After Cicely Tyson's death, I was searching for representations of her in murals and came across an article about Chicago's Wall of Respect mural, which featured Tyson.
The mural was completed on August 24th, 1967 at 43rd Street and Langley Avenue in the Bronzeville neighborhood. It featured more than 50 prominent Black Americans, including Muhammad Ali, Nina Simone, Harriet Tubman, Miles Davis, W.E.B. Dubois, Aretha Franklin and Malcolm X.
The Wall of Respect may have been the brainchild of seasoned muralist William Walker, but its execution was realized by the Visual Arts Workshop of the newly formed OBAC (Organization for Black American Culture). They planned the mural and engaged the 21 visual artists whose art would adorn the 20x60-foot wall in a building occupied by a bar and a television repair shop. Both businesses gave consent for the mural to go up, but the white absentee owner of the building was not asked.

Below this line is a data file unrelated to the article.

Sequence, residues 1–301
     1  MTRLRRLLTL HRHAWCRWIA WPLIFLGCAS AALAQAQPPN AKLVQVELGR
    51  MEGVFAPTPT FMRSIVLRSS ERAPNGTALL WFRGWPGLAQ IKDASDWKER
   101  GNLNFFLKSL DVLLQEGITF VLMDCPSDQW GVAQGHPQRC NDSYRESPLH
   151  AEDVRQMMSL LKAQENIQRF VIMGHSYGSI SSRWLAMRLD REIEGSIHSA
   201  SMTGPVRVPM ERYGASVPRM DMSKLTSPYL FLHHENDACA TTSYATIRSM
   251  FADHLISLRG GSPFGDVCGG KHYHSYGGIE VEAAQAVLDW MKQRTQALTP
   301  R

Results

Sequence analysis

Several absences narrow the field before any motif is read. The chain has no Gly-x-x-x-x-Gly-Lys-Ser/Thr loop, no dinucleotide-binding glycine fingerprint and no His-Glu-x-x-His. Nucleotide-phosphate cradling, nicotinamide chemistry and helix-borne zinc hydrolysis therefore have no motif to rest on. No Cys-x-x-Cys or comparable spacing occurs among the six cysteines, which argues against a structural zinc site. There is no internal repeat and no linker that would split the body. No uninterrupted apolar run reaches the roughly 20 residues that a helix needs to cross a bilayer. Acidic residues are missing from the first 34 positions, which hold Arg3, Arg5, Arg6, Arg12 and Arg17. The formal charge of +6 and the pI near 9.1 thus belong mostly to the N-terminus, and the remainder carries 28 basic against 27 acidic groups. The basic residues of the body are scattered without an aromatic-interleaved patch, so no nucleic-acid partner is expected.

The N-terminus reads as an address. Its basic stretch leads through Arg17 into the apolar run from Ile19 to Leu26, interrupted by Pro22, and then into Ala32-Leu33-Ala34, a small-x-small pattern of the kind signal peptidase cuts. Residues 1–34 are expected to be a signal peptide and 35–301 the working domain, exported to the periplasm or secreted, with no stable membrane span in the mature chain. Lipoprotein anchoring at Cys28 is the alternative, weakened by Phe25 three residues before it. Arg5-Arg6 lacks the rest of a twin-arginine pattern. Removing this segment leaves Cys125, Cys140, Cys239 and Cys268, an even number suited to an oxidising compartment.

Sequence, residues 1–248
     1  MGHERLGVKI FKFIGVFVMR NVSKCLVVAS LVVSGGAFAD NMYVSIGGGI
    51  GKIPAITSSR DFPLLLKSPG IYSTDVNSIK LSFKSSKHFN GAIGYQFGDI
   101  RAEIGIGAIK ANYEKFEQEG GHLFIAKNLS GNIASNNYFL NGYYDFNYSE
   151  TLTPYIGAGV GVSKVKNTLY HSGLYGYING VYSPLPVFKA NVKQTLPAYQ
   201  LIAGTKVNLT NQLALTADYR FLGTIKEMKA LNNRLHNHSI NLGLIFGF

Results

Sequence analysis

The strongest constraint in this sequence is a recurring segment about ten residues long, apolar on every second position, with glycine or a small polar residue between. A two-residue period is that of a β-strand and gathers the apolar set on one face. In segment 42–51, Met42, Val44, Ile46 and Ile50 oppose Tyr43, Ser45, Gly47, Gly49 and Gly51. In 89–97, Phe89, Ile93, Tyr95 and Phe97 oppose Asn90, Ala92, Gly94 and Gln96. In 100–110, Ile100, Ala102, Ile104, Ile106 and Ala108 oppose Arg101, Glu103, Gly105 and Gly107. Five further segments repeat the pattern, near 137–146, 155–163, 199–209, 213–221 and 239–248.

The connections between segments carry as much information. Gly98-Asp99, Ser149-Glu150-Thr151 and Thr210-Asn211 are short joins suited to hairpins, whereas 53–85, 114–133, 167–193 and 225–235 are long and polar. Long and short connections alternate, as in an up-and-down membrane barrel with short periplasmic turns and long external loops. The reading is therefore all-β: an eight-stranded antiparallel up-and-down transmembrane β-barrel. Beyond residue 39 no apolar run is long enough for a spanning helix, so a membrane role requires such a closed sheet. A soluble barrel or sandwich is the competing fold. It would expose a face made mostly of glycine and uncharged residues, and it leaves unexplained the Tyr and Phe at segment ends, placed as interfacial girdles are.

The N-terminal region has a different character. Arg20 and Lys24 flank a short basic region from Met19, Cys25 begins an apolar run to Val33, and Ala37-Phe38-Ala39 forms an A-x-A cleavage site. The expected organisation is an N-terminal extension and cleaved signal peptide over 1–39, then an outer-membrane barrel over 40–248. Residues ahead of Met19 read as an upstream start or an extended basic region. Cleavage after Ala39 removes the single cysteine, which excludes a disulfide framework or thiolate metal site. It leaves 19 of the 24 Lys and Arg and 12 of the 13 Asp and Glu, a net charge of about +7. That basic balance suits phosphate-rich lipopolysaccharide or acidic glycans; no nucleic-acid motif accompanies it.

For the nearly three weeks it took to complete the mural, the locals showed up in increasing numbers, interacting with the artists, giving advice and sometimes criticism. The artists, eager to create something that resonated with the community, were responsive, changing their artwork to reflect the input. The community was so invested in the mural, that they kept watch over it as it went up, fearing vandalism. Rival gangs declared the mural neutral territory and worked with the artists to secure necessary materials. It was truly a community effort.
Because of the popularity of the endeavor and because OBAC was inspired and propelled by the civil rights struggles and emerging Black Power Movement, the project drew the attention of local police, Chicago Mayor Richard J. Daley and the FBI. They weren't too keen on the grassroots-fed mural project because of what it symbolized: a very public means by which Black Americans could finally be seen and assert their collective identity. It wasn't surprising that the mural was destroyed in a suspicious fire in 1971.
The establishment wasn't wrong to feel threatened by the Wall of Respect. It is recognized as the first collective street mural in the U.S. and was the catalyst for a mural movement that swept Chicago and then the entire country. By 1975, more than 1500 murals were painted nationwide that either recycled the work title straight up, or had titles that began Wall of...